Appellants' claim that negligence upon their part is a necessary element in an action to abate a nuisance is equally without merit. So far as this case is concerned, the question of negligence is wholly irrelevant. There may be cases wherein the question of whether the maintenance of a given condition amounts to a nuisance depends upon whether or not it is due to negligence, but the pollution of ocean waters and adjoining beaches in the manner charged herein is a violation of the rights of the people of the State of California, which amounts in law to a nuisance, regardless of whether or not it is due to any negligent act or omission (Kafka v. Bozio, 191 Cal. 746, 748 [218 P. 753, 29 A.L.R. 833]).
We also regard as immaterial the question of whether the Los Angeles City Outfall Sewer System, treatment plant and submarine tube constitute a public utility, and that as the owner and operator of such public utility the city of Los Angeles is the only party against whom a cause of action herein could be stated. There is no evidence, and certainly it cannot be successfully contended, that the city of Los Angeles operates a public utility for the benefit of appellants or other municipalities or public corporations.
 We come now to a consideration of appellants' contention that the trial court was without power to dictate or prescribe the means or facilities which shall be used or constructed to abate a nuisance, or to set forth the means or facilities which it deems necessary to prevent a continuance or recurrence of the nuisance by reason of causes not then in existence but anticipated to occur in the future.
We are in accord with the claim of appellants that the court does not possess the power to indicate or prescribe the means or facilities that shall be constructed or used to abate the nuisance. However, an examination of the record herein reveals that the court did not decree or prescribe the means or facilities to be used, nor require that any particular plant be built. Conclusion of Law XI, hereinbefore set forth, provides that only those appellants who do not adopt some approved method of disposing of their sewage, other than through a new treatment plant or works at or near Hyperion, "shall be required to advance the proportionate share of such corporate defendant according to the ultimate [83 Cal. App. 2d 645] proportionate use reserved for such defendant towards the construction of a new treatment plant or works at or near Hyperion; but no corporate defendant shall be prevented from adopting some other method of disposing of sewage originating in the corporate limits of such defendant, providing such method is approved by the State Board of Public Health of the State of California, and that such method is a safe and sanitary method of disposal of sewage, and providing that said plan or method is in full operation on or before the 31st day of December, 1947." (Emphasis added.)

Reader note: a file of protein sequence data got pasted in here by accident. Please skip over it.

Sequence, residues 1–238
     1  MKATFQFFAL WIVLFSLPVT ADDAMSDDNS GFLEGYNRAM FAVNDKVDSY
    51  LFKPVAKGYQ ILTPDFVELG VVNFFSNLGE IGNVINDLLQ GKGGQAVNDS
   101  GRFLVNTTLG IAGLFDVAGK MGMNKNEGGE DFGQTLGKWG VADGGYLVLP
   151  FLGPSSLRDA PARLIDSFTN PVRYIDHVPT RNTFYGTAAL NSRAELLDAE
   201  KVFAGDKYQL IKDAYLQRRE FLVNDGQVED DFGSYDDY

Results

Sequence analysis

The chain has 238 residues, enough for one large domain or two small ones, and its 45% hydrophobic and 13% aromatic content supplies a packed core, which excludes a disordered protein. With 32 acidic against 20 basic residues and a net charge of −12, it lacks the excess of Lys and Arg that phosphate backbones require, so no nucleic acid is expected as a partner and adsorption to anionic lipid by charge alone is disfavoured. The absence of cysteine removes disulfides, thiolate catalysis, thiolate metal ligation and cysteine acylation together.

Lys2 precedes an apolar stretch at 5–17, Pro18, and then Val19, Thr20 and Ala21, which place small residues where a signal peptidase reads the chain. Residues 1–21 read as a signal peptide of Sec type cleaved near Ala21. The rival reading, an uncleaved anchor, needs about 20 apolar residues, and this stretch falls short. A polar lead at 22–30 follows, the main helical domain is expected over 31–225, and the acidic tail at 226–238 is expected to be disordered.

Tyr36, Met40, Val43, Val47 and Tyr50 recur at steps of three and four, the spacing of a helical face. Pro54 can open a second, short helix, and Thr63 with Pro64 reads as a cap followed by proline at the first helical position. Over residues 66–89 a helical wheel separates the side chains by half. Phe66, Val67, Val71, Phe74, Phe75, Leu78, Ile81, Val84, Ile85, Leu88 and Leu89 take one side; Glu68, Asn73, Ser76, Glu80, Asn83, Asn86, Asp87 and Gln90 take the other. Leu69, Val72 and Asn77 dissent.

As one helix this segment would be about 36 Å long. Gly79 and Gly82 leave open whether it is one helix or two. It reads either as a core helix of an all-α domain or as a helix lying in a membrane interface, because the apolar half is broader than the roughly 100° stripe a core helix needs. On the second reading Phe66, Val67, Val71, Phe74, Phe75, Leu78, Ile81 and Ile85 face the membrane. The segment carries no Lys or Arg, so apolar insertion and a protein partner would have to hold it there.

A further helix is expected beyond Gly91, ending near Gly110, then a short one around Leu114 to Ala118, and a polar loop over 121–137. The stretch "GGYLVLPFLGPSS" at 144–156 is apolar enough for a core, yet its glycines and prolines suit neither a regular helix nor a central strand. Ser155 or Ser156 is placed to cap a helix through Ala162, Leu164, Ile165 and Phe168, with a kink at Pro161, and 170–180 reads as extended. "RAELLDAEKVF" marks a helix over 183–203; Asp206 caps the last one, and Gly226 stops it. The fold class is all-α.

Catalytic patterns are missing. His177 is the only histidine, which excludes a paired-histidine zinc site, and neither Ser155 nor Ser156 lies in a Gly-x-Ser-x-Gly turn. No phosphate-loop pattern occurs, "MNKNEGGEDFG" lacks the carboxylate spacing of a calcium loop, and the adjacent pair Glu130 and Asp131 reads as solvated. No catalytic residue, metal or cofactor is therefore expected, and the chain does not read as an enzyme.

The judgment also gives to each appellant the opportunity to determine whether to withdraw from the Los Angeles city system and set up any method of treatment of their sewage which would take it from the Los Angeles system and thereby remove it as a contributing cause to the admittedly existing nuisance. It should be remembered that the city of Los Angeles was also a defendant in the present proceeding, and throughout the trial took the position that it desired to abate the nuisance and that it already was engaged in planning for the construction of a new sewage treatment plant. During the trial, the court heard evidence as to the nature of those plans and also heard evidence concerning all other possible or suggested plans. None of the appellants had any plan whatever other than that of the city of Los Angeles, except the city of Glendale, which had hired a consulting engineer. That city had an alternative plan, and one of the purposes of receiving evidence with reference to suggested plans was to determine whether or not such plan was feasible to abate the nuisance. There was evidence that the plant proposed to be built by the city of Los Angeles would alleviate conditions which brought about this litigation. There can be no question that the court was justified in giving mandatory directions to the city of Los Angeles to execute the plan which the city had already adopted and submitted to the court. The provisions of the judgment as to the city of Los Angeles have become final. Appellants were given an opportunity by the judgment to erect their own plants or to otherwise provide for their sewage disposal. It would appear from the record that appellants have indicated that their only plan is to dispose of their sewage through the Los Angeles system. The chief engineer and general manager of the County Sanitation Districts positively [83 Cal. App. 2d 646] and unequivocally stated that as far as such districts which had been sewering through Hyperion were concerned, it would be to their best interests to join with the city of Los Angeles in the new plant and that the same situation was applicable to the cities of Vernon and Culver City. The latter municipality has filed an application with the State Board of Public Health to be permitted to do so.